The main reason I like teaching WOARO (want, obstacle, action, response, outcome) is its simplicity.
Everything I read about story previously had been overly complicated and rigid. Too many terms, too many plot points, and too many long lists to fill out about characters.
However, I worry that I sometimes take this simplicity too far.
Sometimes, my students have a hard time aligning what I teach with what they’ve learned before, and some like the complexity of other story forms.
I was reminded of this concern when I read The Simple Life of Humans by Adrian H. Raudaschl. Certainly, the article is considering the political and cultural weaponization of simplicity but on a teaching level, it can still be applicable.
As Raudaschl states, “Simplicity provides a cognitive anchor,” but he cautions that “reducing an idea to its soundbite is deceivingly seductive in its ease of understanding, and purposefully limits discussion parameters.” The other danger is that removing complexity, “only serves the interests of the person delivering it.”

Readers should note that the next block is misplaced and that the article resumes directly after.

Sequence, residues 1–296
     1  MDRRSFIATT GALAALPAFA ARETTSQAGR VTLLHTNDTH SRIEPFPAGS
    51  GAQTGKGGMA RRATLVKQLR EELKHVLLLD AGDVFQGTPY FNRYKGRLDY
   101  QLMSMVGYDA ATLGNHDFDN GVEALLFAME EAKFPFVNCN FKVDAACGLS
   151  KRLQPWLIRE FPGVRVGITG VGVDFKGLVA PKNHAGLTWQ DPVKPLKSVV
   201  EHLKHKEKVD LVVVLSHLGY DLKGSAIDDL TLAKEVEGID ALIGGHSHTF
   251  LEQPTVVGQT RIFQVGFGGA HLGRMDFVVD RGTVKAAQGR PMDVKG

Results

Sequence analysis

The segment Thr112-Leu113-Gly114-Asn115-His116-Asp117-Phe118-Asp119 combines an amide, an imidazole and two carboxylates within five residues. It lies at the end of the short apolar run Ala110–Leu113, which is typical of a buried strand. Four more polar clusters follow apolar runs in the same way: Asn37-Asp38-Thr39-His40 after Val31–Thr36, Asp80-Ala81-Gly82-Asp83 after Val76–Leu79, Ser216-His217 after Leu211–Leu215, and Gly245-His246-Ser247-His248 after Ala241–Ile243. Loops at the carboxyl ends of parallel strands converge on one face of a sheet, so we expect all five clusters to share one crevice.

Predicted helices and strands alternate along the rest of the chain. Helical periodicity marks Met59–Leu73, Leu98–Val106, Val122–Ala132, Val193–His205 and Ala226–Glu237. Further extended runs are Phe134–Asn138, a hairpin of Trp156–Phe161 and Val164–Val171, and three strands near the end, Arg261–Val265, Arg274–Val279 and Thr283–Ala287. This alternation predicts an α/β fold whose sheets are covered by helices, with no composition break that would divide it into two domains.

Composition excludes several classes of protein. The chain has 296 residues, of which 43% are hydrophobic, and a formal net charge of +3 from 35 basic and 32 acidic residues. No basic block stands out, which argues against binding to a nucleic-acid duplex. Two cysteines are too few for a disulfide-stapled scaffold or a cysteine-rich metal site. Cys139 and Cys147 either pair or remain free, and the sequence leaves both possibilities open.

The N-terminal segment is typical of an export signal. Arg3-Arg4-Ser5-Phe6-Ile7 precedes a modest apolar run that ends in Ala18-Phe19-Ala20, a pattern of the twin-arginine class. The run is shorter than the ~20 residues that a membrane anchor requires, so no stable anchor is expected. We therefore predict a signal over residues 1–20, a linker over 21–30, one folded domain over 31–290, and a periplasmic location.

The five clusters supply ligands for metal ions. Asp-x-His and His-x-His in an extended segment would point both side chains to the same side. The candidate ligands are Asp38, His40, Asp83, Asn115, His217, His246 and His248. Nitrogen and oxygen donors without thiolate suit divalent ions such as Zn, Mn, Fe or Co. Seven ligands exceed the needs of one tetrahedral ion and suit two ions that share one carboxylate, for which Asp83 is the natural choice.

Yes, using WOARO makes it easier for me to offer a quick solution to 99% of most story problems, but I’m never certain it accommodates every student’s viewpoint or learning style.
I think the lesson that can be learned from the article is by “enabling people’s autonomy.”
When we are teaching, we must acknowledge it and not reduce the problem we are solving to a platitude. Acknowledge the complexity, and indicate that the solution we are offering might be only one tool in a very full toolbox.
So when I teach WOARO, I must acknowledge that it isn’t the only method, but it is one of many. As well, if I keep myself open to the other approaches and viewpoints that students express, this will not only allow me to adapt, but it keep me open to new ideas.
David Gane Newsletter
Join the newsletter to receive the latest updates in your inbox.